Amyloid fibril cytotoxicity: new insights from nov.. (AMYTOX)
Amyloid fibril cytotoxicity: new insights from novel approaches
Start date: May 1, 2013,
End date: Apr 30, 2018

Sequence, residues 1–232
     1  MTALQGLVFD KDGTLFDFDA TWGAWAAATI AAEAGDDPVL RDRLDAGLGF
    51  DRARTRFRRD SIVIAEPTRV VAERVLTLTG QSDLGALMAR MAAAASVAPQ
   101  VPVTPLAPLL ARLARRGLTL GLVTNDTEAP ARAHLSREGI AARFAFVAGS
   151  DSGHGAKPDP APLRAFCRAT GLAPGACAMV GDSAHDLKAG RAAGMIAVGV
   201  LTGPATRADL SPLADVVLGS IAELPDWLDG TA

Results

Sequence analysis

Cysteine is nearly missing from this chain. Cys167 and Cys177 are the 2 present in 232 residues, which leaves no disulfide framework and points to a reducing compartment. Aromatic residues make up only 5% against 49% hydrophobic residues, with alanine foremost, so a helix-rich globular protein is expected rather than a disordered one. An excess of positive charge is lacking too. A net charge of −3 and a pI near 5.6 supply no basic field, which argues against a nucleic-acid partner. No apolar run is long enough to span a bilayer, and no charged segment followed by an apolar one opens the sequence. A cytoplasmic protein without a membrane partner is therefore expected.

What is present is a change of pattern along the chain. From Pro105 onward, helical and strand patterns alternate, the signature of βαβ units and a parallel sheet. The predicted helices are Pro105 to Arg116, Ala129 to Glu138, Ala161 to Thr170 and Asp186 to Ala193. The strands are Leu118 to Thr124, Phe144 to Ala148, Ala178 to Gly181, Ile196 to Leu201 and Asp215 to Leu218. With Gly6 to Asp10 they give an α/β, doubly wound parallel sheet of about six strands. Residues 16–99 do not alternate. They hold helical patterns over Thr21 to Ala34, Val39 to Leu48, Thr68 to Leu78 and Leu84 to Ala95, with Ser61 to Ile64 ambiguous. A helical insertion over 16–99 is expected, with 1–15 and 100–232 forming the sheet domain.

"Despite the discovery of amyloidosis more than a century ago, the molecular and cellular mechanisms of these devastating human disorders remain obscure. In addition to their involvement in disease, amyloid fibrils perform physiological functions, whilst others have potentials as biomaterials. To realise their use in nanotechnology and to enable the development of amyloid therapies, there is an urgent need to understand the molecular pathways of amyloid assembly and to determine how amyloid fibrils interact with cells and cellular components. The challenges lie in the transient nature and low population of aggregating species and the panoply of amyloid fibril structures. This molecular complexity renders identification of the culprits of amyloid disease impossible to achieve using traditional methods.Here I propose a series of exciting experiments that aim to cast new light on the molecular and cellular mechanisms of amyloidosis by exploiting approaches capable of imaging individual protein molecules or single protein fibrils in vitro and in living cells. The proposal builds on new data from our laboratory that have shown that amyloid fibrils (disease-associated, functional and created from de novo designed sequences) kill cells by a mechanism that depends on fibril length and on cellular uptake. Specifically, I will (i) use single molecule fluorescence and non-covalent mass spectrometry and to determine why short fibril samples disrupt biological membranes more than their longer counterparts and electron tomography to determine, for the first time, the structural properties of cytotoxic fibril ends; (ii) develop single molecule force spectroscopy to probe the interactions between amyloid precursors, fibrils and cellular membranes; and (iii) develop cell biological assays to discover the biological mechanism(s) of amyloid-induced cell death and high resolution imaging and electron tomography to visualise amyloid fibrils in the act of killing living cells."
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